First, it should bear emphatically pointing out that "verb + こと" has little to do with expressing what your hobbies or habits are. Sure, you may happen to use it when telling your new friend that you often listen to music or like learning languages, but you are only using it in order to meet a grammatical requirement. What こと does, specifically, is to turn a verb phrase into a noun phrase (or "nominal", hence it's nickname: "nominalizer"). With that in mind, let's look at the example sentences one by one.
What we have here is a copular sentence, in which 私のしゅみ is the subject (marked with "は", meaning it's also a topic), "音楽を聞くこと" is the predicative expression and です is the copula. An equivalent sentence in English would be "My hobby is listening to music." You have to turn the verb phrase 音楽を聞く into the noun phrase 音楽を聞くこと, because a verb phrase cannot be the predicative expression in a copular sentence. 私のしゅみは音楽を聞くです。 is no more grammatical than "My hobby is listen to music." is.
Unlike the sentence above, there is no copula in this one. It is made up of an omitted (presumably) first-person subject (私) and a predicate with the non-copular verb 聞く (here in the polite form 聞きます). An English equivalent would be: "I often listen to J-pop on the train." There is no こと because there is no copula and therefore no need (in fact, it would be ungrammatical, or at least change the meaning of the sentence) to turn the verb phrase into a noun phrase.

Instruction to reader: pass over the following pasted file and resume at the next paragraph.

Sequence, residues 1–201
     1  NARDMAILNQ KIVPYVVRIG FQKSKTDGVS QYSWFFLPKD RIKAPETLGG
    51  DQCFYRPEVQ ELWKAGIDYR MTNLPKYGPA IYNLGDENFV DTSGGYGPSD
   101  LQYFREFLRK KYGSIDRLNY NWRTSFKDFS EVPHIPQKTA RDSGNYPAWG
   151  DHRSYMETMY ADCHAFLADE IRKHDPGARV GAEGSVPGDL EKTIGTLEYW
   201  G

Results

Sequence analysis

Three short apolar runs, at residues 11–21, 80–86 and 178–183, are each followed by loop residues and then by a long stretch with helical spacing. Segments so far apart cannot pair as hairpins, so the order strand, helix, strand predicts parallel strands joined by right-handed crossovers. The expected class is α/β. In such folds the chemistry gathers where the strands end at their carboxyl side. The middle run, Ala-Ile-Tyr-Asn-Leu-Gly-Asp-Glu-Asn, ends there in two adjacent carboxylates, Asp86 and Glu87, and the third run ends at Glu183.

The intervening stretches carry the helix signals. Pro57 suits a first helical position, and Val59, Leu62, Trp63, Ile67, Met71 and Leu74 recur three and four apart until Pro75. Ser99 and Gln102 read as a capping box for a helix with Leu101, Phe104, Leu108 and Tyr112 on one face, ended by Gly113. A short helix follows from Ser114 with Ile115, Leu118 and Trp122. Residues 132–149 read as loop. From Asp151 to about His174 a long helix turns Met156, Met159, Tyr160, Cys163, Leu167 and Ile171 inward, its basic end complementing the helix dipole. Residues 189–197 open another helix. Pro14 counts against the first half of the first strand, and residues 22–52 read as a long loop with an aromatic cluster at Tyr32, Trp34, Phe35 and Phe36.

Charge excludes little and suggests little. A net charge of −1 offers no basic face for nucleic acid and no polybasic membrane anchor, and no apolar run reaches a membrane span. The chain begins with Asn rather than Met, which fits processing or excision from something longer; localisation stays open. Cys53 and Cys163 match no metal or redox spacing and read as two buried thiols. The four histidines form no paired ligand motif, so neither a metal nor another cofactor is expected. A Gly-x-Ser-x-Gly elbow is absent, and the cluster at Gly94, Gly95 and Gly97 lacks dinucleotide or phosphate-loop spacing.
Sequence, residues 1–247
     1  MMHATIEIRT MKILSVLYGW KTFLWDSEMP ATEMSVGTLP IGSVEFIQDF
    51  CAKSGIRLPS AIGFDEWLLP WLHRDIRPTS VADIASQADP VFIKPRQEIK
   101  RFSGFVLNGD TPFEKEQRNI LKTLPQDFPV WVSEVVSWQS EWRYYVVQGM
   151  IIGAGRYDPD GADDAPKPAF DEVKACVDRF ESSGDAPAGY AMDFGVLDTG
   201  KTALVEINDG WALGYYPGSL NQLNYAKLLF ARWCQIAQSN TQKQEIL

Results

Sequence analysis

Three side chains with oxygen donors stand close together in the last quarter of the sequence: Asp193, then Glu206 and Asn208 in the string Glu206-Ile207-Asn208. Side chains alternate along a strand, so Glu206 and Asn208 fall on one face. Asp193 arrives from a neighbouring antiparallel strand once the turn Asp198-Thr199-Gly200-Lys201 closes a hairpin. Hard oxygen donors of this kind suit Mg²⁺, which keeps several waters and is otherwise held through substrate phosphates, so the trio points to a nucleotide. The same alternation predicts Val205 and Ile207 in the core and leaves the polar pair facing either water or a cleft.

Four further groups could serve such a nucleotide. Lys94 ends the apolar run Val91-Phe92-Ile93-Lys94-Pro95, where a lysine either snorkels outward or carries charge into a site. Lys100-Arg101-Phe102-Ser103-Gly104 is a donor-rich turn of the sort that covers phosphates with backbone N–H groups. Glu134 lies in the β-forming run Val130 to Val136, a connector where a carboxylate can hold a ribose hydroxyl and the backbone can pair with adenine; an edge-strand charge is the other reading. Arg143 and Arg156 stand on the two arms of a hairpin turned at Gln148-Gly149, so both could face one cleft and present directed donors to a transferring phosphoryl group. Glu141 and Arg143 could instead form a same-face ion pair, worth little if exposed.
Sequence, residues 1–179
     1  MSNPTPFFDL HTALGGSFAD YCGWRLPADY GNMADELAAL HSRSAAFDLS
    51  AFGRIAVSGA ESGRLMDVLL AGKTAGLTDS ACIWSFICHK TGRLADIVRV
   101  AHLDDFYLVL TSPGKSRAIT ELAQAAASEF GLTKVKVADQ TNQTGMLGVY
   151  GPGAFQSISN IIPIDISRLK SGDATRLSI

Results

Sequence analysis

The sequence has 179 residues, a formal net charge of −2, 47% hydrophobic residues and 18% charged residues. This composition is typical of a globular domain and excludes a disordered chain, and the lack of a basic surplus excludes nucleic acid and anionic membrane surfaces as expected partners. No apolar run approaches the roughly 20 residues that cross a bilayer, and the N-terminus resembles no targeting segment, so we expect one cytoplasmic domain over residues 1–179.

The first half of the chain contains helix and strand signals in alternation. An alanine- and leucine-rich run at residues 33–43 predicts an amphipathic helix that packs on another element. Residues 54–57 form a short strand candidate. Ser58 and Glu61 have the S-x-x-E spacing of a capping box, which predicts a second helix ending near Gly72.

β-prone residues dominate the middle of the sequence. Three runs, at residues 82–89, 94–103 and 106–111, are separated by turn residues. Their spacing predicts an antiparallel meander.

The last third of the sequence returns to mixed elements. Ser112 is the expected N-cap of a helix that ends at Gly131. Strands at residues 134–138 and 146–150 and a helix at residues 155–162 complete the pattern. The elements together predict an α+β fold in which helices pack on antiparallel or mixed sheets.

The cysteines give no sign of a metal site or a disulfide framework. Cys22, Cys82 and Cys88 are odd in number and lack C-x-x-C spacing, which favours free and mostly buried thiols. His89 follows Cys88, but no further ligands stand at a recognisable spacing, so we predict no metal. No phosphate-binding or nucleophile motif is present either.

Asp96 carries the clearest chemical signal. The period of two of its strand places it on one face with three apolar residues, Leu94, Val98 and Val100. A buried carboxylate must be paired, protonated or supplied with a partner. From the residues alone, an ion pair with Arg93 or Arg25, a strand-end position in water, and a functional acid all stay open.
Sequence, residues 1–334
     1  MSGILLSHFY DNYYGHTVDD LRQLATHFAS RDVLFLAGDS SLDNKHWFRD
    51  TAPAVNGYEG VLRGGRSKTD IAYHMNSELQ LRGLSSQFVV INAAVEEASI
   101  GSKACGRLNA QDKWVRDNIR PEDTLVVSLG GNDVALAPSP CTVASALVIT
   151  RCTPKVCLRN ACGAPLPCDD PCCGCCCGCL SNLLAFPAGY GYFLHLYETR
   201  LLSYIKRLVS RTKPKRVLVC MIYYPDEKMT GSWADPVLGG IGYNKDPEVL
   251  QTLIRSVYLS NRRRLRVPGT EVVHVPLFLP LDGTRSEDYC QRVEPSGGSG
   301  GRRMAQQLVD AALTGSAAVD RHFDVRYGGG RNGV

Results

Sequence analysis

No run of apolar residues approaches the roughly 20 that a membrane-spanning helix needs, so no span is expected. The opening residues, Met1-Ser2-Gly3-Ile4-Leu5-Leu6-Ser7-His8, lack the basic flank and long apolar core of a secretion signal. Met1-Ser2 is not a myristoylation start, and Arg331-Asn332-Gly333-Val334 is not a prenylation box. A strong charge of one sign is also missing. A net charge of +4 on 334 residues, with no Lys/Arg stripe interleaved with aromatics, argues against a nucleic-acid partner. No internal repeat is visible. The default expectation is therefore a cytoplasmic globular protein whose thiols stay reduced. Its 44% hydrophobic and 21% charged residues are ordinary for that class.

So the copula です is back with this sentence. But we don't see こと. Why? Nannde? Well, that's because we don't have any verb phrase to nominalize to begin with! 外国語のべんきょう, you see, is already a noun phrase. (The noun べんきょう is a verbal noun that you can turn into a verb by attaching する, so that you get べんきょうする 'study (verb)', which then can be turned back into a noun (phrase) by attaching こと to it, resulting in べんきょうすること 'studying'.) An English version would be "My hobby is study of foreign languages." or perhaps bit more naturally, "My hobby is studying foreign languages."
So there you have it. That's broadly how each sentence works. You might have misunderstood your teacher when she explained the use of こと to you.